Wednesday, 14 March 2018

My Brother's Husband, Volume 1 by Gengoroh Tagame Review


Single dad Yaichi’s estranged gay brother recently passed away. In the wake of his death, his burly, friendly Canadian husband, Mike, has come to Japan to finally meet his brother-in-law and niece for the first time. Mike’s presence forces Yaichi to confront his own deeply-buried prejudices about gay people, as well as address his strangely emotionless and lonely life. 

I love Japan, the people and the culture, but, speaking from personal experience/observations, I know many of its societal attitudes are ass-backwards to say the least. As well as having an insanely brutal work lifestyle that drives too many people to suicide each year, the Japanese in general are extremely racist, xenophobic and sexually repressed (though these aspects are hidden from the outside world so as to maintain the facade of being harmless, amiable eccentrics to keep the tourist income rolling in). 

Sadly, the absurd caricature of gay people as perverts remains fixed in Japanese society still and gay marriage is illegal over there. Gay relationships is the subject that writer/artist Gengoroh Tagame explores in his superb all-ages manga, My Brother’s Husband. 

I loved everything about this book. See my belligerent political rant above? That’s a shitty way to try to convince anyone of your point of view. Instead Tagame adopts a far more winning approach, emphasising the similarities - not the differences - between gay and straight people in order to good-naturedly and gently demystify outdated and offensive stereotypes. But - better - he does this through primarily focusing on creating strong, compelling characters and a quality story, ie. the reason why anyone would pick up this book in the first place: to be entertained, not to be lectured at. 

Each of the three main characters has a story that could be a fine book in themselves. Mike’s just lost the love of his life and is trying to keep his memory alive through meeting his family and going to places he’s only heard stories about. Yaichi is divorced but still has feelings for his ex-wife. He’s struggling with being a single dad as well as confronting the long-suppressed ghosts of the past that Mike’s appearance has resurrected. Kana, the young daughter, is clearly damaged by her parents’ split and has abandonment issues - the scenes where she turned from the door to confirm that her dad or Mike would be there when she got back from school were heartbreaking.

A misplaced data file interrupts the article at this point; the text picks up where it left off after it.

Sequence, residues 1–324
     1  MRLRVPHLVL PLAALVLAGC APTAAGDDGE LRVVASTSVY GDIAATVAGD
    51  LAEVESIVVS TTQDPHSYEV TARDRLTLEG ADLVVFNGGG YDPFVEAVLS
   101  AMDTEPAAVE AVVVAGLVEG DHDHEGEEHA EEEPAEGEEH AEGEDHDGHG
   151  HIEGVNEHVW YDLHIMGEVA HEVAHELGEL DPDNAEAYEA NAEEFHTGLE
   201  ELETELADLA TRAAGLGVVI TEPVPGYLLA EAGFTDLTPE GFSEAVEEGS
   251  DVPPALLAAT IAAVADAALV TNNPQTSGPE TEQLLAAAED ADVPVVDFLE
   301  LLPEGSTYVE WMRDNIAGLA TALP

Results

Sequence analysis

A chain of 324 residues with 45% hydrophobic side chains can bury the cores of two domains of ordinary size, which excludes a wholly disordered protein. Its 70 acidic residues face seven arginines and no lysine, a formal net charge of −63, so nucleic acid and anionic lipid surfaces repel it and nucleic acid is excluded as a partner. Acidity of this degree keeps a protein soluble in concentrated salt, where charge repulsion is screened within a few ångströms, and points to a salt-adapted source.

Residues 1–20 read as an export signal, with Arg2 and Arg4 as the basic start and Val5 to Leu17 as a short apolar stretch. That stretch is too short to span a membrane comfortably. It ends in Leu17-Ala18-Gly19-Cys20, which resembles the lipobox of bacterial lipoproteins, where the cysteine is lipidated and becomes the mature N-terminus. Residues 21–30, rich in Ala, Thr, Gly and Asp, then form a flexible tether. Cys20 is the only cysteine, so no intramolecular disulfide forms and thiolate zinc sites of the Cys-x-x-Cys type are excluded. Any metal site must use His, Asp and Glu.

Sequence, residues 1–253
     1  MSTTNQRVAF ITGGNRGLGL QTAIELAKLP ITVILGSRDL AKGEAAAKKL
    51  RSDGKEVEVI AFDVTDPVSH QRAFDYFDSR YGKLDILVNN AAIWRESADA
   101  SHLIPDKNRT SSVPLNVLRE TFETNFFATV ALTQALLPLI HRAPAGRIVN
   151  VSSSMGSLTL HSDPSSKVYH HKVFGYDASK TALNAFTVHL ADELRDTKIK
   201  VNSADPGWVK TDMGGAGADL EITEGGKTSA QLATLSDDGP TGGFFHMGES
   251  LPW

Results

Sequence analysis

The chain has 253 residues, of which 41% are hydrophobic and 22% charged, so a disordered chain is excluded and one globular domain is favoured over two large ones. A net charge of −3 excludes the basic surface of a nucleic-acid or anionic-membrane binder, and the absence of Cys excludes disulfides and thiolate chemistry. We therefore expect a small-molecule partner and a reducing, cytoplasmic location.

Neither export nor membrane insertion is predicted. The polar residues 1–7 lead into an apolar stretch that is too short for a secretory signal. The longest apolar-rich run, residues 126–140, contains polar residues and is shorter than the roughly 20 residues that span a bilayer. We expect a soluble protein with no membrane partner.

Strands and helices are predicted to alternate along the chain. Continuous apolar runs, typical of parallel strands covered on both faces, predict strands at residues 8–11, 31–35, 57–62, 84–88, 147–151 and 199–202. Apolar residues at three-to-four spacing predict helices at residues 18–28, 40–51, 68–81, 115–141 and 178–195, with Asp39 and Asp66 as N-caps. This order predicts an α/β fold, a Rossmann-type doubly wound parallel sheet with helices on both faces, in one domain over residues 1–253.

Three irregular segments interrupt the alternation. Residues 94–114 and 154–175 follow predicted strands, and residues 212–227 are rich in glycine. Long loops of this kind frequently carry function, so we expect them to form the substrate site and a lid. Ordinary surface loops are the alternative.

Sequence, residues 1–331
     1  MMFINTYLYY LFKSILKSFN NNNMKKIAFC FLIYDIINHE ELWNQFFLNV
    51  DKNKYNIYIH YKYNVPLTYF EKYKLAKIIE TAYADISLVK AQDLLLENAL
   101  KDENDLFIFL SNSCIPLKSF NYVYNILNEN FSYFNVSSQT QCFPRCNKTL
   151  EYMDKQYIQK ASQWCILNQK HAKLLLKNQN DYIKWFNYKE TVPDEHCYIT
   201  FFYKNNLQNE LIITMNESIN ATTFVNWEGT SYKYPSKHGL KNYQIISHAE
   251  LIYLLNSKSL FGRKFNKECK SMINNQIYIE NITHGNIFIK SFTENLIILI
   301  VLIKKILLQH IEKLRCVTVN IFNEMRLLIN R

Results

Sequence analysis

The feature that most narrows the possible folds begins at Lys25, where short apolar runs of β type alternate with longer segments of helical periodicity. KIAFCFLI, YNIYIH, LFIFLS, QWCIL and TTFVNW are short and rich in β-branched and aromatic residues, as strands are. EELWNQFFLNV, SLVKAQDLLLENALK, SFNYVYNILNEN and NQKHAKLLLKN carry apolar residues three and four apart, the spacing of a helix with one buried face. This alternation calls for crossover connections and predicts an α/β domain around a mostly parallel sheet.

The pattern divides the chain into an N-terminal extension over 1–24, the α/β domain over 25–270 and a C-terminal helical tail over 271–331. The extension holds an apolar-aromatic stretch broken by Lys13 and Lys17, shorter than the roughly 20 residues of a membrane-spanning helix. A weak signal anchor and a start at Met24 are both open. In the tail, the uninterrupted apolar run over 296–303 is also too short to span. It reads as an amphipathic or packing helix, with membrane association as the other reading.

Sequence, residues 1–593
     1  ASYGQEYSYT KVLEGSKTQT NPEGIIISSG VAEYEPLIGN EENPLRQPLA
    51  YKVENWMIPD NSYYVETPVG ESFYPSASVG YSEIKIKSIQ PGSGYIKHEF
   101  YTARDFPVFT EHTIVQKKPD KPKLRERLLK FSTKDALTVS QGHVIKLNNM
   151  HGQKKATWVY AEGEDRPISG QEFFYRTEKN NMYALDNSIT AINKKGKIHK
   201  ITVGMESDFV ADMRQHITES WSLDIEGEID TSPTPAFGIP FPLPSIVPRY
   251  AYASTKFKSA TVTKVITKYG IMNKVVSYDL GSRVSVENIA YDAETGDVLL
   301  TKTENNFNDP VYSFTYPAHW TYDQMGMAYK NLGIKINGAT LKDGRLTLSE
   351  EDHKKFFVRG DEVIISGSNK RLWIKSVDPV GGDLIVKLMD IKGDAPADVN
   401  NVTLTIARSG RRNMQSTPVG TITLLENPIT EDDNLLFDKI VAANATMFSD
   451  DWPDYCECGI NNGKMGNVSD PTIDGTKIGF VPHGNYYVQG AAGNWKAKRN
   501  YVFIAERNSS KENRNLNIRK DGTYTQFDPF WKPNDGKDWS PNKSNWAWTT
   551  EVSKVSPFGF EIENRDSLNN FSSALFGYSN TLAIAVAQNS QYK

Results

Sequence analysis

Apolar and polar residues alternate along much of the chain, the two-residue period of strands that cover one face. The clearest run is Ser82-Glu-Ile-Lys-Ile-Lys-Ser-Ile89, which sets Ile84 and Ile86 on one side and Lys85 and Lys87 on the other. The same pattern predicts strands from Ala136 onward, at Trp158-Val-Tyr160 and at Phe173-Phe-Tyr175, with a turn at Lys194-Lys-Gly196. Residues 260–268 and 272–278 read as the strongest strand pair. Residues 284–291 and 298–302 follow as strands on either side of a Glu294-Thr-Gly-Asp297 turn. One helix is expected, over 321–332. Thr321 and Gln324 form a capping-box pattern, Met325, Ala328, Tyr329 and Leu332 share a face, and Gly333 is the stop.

There are a lot of emotionally-charged scenes - almost too many; I literally had to put the book down halfway through and resume the following day because it got to be too much! Mike breaking down in front of Yaichi after getting drunk, the closeted teen finding acceptance and strength after talking with Mike, hell, even Kana finding out what hugging was - yeah, the Japanese are genuinely that physically distant even to their own kids! Not that Yaichi is a bad father - he’s clearly a great dad who cares deeply about his kid - but there’s something undeniably cold about the lack of physical affection between Japanese parents and their children. The West hasn’t got it all figured out but it definitely has a thing or two it can teach Japan - some traditions deserve to die. 

Ultimately it’s an uplifting and charming story of three likeable, ordinary people who are profoundly troubled but work through their issues and find strength in each other. It’s sweet to see Kana - and her dad, though he’d never admit it aloud - learning about how benign and human homosexuality is, and, by extension, the uninformed reader. Most beautiful of all was Yaichi’s transformation through asking himself some tough questions about his beliefs. His growing friendship with Mike was very moving who manages to turn Yaichi into a warmer person with a closer relationship to his daughter as well as finding solace for his loss through his new family. 

You can tell Tagame usually draws adult gay manga with certain panels centred so acutely on Yaichi and Mike’s toned male physiques, though, of course, given that this is an all-ages book, the angles are tastefully chosen. And I learned something about Japanese society that I didn’t before: if you have tattoos on display, you won’t be allowed to work out in gyms (because tattoos are equated with the yakuza - Japanese gangsters)! A lot of people have tats - are they all likely to be in the mafia? But then that’s just another sign of Japan’s general oversensitivity. 

Certain plot points stay unresolved by the end but that’s because this is the first part of a series and I’ll definitely be returning to see what happens next. My Brother’s Husband, Volume 1 is remarkably powerful and masterful storytelling - easily one of the best mangas I’ve ever had the pleasure to read.

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